Peacekeeping Current Affairs
Indian Army is contributing approximately 2300 personnel to support United Nations Peacekeeping Missions to South Sudan (UNMISS) in order to bring peace and normalcy in the war-torn country.
It includes deployment of seven Garhwal Rifles Infantry battalion group of the Indian Army. The deployment of Indian peacekeepers in South Sudan is under Chapter VII which entails Peace Enforcement.
This is for first time troops hailing fromGarhwal region have been nominated to deploy in United Nations Mission in South Sudan (UNMISS). The unit will be in operational control of sensitive Jonglei state of South Sudan with detachment at Juba, its headquarters in Bor County and air maintained company group at Pibor County where armed conflicts and ethnic violence is on the rise.
South Sudan had gained independence from Sudan in 2011, making it the newest nation in the world. Civil war had broken out in infant nation in 2013. The UN Mission in South Sudan (UNMISS) is newest UN Peacekeeping Mission. India, with 2,237 troops, is the highest contributor in terms of troops to UNMISS. In addition to India, 53 nations from around the world have contributed troops to the peacekeeping mission.
India and UN Peacekeeping
The Indian Army is the largest cumulative troop contributor to United Nations Peacekeeping Missions mandated to maintain stability and negotiate a peace settlement in turbulent regions of the world. So far India has provided almost 200,000 troops in nearly 50 of the 71 UN peacekeeping missions over the past six decades, including 13 of the current 16 missions. Last year, 7,606 Indian peacekeepers were deployed in UN missions. Moreover, India has suffered 163 fatalities since the peacekeeping operations began in 1948, the most by any country.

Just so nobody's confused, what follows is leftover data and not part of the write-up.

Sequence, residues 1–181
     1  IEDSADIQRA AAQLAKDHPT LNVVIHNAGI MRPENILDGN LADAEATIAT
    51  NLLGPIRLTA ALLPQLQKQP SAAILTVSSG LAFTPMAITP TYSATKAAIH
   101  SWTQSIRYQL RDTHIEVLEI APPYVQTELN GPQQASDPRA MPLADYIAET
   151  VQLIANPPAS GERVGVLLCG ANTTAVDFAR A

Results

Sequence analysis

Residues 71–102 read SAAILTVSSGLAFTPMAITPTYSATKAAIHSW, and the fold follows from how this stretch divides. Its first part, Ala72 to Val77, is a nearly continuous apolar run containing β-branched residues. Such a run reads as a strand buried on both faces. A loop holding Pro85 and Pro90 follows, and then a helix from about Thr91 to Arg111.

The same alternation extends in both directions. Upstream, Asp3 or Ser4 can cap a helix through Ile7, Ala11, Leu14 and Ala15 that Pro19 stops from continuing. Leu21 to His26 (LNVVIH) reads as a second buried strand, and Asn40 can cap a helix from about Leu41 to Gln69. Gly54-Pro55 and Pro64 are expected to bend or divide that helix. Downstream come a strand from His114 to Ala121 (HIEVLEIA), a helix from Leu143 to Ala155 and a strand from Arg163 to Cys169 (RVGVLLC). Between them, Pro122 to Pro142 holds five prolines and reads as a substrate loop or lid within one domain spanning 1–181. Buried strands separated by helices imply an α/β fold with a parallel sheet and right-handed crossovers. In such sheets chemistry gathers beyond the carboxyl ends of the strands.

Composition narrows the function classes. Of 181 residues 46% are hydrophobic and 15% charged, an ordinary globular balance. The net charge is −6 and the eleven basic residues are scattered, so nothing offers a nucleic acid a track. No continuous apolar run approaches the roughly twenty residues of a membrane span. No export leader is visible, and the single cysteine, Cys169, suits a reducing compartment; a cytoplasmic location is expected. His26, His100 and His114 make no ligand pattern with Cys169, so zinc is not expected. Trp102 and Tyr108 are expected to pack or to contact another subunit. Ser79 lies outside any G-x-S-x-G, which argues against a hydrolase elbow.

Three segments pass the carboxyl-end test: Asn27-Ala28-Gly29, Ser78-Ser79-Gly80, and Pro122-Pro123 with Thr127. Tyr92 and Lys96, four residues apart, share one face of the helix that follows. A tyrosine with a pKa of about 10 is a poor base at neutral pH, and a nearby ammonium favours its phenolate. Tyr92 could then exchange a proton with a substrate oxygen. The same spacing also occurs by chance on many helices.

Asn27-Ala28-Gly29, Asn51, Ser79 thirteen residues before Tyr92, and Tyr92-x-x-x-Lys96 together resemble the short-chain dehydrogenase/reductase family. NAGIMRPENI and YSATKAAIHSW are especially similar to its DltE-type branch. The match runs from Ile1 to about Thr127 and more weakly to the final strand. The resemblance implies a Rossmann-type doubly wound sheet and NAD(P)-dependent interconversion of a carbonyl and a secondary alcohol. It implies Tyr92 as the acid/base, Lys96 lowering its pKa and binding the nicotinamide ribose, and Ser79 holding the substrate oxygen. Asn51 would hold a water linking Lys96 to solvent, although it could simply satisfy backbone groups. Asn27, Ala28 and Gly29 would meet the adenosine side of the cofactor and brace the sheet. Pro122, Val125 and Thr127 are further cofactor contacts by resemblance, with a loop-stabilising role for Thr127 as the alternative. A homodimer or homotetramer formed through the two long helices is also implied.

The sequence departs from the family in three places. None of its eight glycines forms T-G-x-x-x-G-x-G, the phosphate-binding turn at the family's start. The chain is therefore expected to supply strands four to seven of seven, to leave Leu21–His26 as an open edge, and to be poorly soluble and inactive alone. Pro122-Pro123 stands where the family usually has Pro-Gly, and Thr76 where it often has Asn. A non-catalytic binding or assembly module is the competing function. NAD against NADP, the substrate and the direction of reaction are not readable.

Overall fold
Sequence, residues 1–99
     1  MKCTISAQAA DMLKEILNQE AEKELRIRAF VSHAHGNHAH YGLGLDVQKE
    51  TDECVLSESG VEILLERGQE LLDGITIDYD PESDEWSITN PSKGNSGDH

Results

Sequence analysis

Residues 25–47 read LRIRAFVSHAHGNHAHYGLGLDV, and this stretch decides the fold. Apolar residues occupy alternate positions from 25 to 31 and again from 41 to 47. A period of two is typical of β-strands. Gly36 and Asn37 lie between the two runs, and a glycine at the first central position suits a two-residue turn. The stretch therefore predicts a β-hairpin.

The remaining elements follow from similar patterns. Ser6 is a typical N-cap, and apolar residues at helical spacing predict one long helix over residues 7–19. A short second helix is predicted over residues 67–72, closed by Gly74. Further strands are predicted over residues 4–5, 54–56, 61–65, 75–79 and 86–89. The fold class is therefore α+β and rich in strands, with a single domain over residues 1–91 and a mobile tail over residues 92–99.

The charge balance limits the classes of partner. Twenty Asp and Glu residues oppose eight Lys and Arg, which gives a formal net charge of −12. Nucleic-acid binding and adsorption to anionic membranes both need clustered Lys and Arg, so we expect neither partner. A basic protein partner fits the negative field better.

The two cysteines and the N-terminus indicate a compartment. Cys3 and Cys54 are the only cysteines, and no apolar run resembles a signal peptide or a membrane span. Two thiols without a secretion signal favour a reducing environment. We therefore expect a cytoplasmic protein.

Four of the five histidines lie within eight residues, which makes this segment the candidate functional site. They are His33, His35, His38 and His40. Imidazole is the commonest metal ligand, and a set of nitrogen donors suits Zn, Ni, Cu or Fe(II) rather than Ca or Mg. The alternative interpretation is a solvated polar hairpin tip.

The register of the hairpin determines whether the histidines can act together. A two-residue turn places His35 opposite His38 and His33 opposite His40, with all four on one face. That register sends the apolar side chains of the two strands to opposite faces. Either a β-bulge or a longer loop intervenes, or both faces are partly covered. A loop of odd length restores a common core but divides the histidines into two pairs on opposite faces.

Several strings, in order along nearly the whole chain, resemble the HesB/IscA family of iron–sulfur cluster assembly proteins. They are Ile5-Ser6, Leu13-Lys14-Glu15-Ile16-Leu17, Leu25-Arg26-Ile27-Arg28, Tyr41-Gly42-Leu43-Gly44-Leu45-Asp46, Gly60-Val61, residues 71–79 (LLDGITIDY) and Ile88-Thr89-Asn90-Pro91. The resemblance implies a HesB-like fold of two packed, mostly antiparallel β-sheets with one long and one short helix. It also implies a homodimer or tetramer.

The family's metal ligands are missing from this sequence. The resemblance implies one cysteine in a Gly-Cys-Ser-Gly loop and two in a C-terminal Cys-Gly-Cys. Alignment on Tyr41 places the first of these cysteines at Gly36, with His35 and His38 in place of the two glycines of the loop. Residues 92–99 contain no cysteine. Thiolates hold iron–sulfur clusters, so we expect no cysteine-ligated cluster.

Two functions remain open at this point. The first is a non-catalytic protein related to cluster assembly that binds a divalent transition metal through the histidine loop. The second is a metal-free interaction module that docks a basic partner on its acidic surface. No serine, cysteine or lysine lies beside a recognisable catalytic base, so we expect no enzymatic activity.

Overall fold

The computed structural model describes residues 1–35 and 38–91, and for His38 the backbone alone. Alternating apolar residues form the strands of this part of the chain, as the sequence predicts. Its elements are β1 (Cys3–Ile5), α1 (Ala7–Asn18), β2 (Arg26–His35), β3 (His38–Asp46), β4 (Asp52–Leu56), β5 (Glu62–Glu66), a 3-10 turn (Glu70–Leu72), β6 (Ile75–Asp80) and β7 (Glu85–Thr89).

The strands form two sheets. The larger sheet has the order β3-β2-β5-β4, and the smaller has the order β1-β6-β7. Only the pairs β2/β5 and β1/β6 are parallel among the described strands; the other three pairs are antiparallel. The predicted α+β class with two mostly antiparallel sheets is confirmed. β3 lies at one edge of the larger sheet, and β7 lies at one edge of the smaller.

India has contributed US 100,000 dollars to the United Nations’ Trust Fund in support of victims of sexual exploitation and abuse by peacekeepers.
With this India became the first country to make a contribution to the fund and to start UN fund for sex abuse victims.
- With this contribution, India has illustrated its strong commitment to victim-centred approach in addressing sexual exploitation and abuse by UN civilian and uniformed personnel.
- The Trust Fund was established in March 2016 under the aegis of United Nations Department of Field Support (DFS).
- The fund seeks to support services for victims and address gaps in services. UN member countries can voluntary make contributions to the Trust Fund.
- Historically, India has been one of the largest troop-contributing countries in the UN peacekeeping operations. Currently, India is second largest contributor of military and police personnel.
- In the past, UN had faced severe backlash over allegations of sexual exploitation and abuse by its peacekeepers, particularly those working in Central African Republic.
- In 2015, 69 allegations were recorded against peacekeepers but no Indian was accused of any wrongdoing. No Indian peacekeeper faced any allegations of misconduct.
- India has strongly maintained that instances of sexual exploitation and abuse by UN peacekeepers are abhorrent and repugnant. India also has underscored that it has a zero tolerance policy on such cases.